@Brian Driggs Exactly. I’d expand on that by saying “writing about too many topics.” If you’re all over the place, your readers will have to sift through content instead of regularly finding information they are interested in reading.

      • says

        @randyzwitch Too many topics, indeed. I like to think of my digital properties as evolutionary. As easy as it is to start a new blog these days, there’s no reason to limit what one wants to share – just do a spin-off site.

  3. benbarden says

    You raise good points, but I found this post a bit difficult to follow. You start by listing 3 things that bloggers should do, then you list 9 things they shouldn’t do. Considering the title of the post, it’s the first 3 points that don’t quite gel for me. Just some feedback :)

    • says

      @benbarden Hi Ben,

      I guess it might be the way they’re structured? All points are showing mistakes that bloggers make – so, Do becomes Don’t and Don’t becomes Do, if you like.

      “Do” get your own domain; “Don’t” have a standard blog.wordpress.com one, etc.

      Cheers! :)

  4. markaylward says

    Hey Danny. This might sound stupid, but what’s the best/easiest way to allow folks to subscribe via e-mail? A plug-in?

    I think I have everything else covered. I just need to post more frequently



  5. says

    Yes great points. One of the best things that I have found for helping people with wordpress blogs to understand what to do in order to have “On Page” SEO is a plugin called SEO pressor. It checks every page and tells you what you are missing. Then when you make a change. eg add an alt tag to an image. You get a big green tick. It gives you a list of about 10 things needed and as you add them to the page you get a tick. I find it really helpful as I often think I have done something, then update the post and find I didn’t do it right. It’s a great double checker. Can’t remember if it is free or paid plugin but well worth it if it is paid.

  6. says

    I’m a new blogger – and I’ve already made my share of mistakes. But every mistake made presents an opportunity to learn and grow. A few doozies – not backing up my blog from day one; not having clarity about my niche market; not taking the time to read up about certain fundamental plugins and widgets; not paying for a theme…I could go on and on. Hopefully, most of the big ones are behind me.

    • says

      @Ruth – The Freelance Writing Blog Oh, don’t talk to me about backing up, Ruth – I once lost a huge chunk of posts due to not backing up, and was fortunate enough to save the rest thanks to my host’s own internal backup.

      Lesson most definitely learned!

  7. says

    Great points, @DannyBrown I know I was especially guilty of point #12. For the first few months I was blogging, I was constantly comparing myself to all the A and B list bloggers. This only leads to continual disappointment and frustration for inevitably not being able to live up to their incredibly high standards. Once I realized I wanted to blog for myself and to reach out and build my own audience, blogging become a lot easier and more fun.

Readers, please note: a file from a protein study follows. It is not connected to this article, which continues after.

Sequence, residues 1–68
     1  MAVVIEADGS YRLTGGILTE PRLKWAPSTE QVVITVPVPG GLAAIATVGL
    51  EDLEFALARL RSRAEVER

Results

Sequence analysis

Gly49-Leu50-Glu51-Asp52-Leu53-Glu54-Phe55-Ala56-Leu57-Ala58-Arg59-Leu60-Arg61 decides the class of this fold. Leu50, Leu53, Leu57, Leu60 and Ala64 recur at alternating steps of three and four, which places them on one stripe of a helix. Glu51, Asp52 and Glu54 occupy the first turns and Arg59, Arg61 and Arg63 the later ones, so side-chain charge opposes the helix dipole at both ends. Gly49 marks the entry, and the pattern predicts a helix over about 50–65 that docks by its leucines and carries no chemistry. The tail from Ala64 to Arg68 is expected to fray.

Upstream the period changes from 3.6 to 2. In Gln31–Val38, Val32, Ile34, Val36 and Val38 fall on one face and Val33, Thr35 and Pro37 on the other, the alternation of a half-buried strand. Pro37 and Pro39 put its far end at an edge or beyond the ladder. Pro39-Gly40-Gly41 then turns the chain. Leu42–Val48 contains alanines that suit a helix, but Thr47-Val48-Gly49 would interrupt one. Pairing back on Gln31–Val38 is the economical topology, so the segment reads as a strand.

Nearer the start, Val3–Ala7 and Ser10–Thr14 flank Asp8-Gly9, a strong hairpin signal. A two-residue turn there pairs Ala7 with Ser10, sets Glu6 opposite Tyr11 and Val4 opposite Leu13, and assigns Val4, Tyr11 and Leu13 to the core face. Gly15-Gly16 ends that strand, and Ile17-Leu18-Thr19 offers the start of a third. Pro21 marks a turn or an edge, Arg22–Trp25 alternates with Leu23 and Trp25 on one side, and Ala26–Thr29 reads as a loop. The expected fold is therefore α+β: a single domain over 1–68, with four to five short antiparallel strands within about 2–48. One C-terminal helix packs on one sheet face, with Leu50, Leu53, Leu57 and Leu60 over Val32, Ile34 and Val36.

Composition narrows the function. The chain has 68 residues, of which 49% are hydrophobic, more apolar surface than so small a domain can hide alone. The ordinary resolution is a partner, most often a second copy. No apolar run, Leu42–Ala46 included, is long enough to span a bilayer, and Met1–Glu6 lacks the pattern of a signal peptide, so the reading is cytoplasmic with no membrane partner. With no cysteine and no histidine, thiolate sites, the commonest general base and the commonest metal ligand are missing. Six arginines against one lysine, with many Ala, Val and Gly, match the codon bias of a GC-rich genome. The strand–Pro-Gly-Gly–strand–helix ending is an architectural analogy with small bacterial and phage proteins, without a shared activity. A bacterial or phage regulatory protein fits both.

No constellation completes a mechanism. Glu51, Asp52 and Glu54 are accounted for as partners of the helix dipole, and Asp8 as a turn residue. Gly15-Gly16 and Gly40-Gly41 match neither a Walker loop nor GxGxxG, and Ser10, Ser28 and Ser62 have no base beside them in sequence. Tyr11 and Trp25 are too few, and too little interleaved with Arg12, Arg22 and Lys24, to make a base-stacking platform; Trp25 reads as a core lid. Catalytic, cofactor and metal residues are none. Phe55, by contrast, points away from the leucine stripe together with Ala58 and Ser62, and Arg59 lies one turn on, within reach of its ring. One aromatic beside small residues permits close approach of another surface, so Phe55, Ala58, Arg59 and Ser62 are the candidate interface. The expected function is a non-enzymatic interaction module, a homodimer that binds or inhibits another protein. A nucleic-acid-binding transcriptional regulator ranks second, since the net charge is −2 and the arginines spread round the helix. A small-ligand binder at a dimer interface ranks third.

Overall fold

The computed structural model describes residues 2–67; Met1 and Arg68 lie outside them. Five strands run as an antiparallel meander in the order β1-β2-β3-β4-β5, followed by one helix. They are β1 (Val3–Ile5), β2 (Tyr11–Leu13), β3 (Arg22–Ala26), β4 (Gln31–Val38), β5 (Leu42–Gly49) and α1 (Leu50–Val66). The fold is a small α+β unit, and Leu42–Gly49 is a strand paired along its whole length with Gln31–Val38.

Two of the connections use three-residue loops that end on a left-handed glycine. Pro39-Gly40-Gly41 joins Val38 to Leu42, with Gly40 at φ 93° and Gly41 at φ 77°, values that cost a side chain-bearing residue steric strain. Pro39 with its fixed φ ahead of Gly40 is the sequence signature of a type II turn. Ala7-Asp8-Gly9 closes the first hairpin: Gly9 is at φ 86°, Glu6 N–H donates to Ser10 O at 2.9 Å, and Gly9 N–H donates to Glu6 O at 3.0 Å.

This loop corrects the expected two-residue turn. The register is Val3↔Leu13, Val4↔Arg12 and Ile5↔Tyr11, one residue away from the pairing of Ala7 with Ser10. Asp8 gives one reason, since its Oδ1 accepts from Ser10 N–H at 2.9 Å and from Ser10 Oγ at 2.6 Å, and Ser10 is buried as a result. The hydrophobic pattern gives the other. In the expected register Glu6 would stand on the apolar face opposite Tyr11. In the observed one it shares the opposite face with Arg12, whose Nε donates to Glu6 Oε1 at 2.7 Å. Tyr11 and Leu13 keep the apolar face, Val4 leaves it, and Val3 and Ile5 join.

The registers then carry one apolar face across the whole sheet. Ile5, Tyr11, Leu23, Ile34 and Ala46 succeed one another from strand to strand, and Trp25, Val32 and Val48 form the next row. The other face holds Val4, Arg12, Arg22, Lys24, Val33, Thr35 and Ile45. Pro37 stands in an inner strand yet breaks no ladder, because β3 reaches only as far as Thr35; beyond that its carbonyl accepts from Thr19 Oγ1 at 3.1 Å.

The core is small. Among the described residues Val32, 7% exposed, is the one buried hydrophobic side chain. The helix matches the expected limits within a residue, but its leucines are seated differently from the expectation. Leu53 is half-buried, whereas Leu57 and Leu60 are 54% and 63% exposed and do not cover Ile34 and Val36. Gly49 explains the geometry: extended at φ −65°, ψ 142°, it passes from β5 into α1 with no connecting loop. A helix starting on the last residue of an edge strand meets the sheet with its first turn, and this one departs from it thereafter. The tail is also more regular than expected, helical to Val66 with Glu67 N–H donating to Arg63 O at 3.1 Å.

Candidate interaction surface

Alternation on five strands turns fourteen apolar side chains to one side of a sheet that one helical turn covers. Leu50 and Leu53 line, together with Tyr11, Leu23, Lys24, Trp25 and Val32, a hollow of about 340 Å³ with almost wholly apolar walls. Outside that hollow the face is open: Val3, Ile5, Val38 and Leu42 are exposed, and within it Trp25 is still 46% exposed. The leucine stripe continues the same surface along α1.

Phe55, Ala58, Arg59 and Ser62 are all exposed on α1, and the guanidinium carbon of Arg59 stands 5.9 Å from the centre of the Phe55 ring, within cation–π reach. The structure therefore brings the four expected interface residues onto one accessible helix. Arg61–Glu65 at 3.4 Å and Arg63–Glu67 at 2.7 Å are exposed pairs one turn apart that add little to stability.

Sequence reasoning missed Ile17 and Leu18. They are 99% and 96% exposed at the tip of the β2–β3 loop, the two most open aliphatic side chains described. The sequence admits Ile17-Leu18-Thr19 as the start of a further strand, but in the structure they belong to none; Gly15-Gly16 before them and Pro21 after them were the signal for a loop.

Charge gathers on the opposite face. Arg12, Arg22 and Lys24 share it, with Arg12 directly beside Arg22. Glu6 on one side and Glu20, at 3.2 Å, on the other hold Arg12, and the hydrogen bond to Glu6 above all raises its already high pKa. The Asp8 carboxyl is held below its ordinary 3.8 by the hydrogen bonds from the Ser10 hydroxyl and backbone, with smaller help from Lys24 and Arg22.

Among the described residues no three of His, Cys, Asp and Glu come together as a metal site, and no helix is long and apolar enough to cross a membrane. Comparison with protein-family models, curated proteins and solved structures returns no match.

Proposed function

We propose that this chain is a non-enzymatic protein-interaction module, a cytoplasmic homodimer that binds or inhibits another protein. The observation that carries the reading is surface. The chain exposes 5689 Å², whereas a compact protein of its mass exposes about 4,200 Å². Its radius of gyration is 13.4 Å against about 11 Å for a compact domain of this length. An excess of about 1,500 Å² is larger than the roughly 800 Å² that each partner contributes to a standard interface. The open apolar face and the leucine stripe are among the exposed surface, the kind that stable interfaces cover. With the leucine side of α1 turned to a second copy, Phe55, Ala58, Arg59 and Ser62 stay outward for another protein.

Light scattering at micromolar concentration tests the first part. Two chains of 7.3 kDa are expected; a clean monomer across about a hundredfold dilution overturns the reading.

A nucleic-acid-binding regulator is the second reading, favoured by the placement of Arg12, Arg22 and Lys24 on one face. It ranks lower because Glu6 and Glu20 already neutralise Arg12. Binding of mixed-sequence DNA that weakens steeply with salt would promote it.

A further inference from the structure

I’d also add to the list, not commenting frequently with other bloggers in your niche. Writing intelligent comments on other blogs frequently and replying to comments on your blog is how you get know and build street cred.

    • says

      @jessicamalnik It’s surprising how easily we get swept up by the “Try and be like Blogger X” syndrome, isn’t it, Jessica? I know my early posts tried too hard to be something they weren’t. Thankfully, most people realize that’s not sustainable – and you can soon tell those that are happy to continue being a second-rate version of someone else, as opposed to a first-rate version of themselves. 😉

      Thanks for your thoughts!

  8. says

    G’morning @DannyBrown – useful post as always. I too found the first two items a tad confusing to the new blogger – saying that you can buy your own domain on wp & blogger in #1, then saying self-hosted its the way to go. (also agree with the dos/dont’s & the mistakes title beig a bit confusing). The rest of the post is great!

    BTW – for new bloggers, a “self-hosted blog,” means purchasing a domain name and website hosting, then loading the wordpress software onto your own domain (which your web host can help a new blogger do – just ask the webhost if they support WordPress.org blogs).

    I think trying out blogging to see if you like it via yoursite@wordpress.com or blogger.com for a month or so is fine, but too many bloggers stay there too long, and miss out on all of the opportunities that a self-hosted site brings: better tools to make your blog look and work better, better SEO, and a much more professional online presence etc.

    People THINK it’s expensive to blog – the traffic on the keyword blog for free is 1.2 million monthly searches, but the costs to run a blog are around $10 a year for a domain name, and website hosting – some sites let you pay $8 a month (instead of all in advance) – that’s not a lot of money. Yes a premium blog theme may cost $40 – $90 – but that can be step 2 or 3, not done immediately.

    3. Not Optimizing your blog’s permalinks – I agree – is the other key mistake I see most new bloggers making. changing your permalinks (the permanent URL to each blog post and page) is KEY for SEO. For wordpress blogs – it is under dashboard, settings, permalinks. I suggest the month/postname (or year/postname, or day/postname) – as the WordPress documentation says those permalinks that do not start with an numeric tag, take longer to load, and add extra junk into your database – which over time makes your site load more slowly. http://codex.wordpress.org/Using_Permalinks for more info. Sorry to get a bit geeky, but it is not hard to change

    • says

      @CathyWebSavvyPR Hey there miss,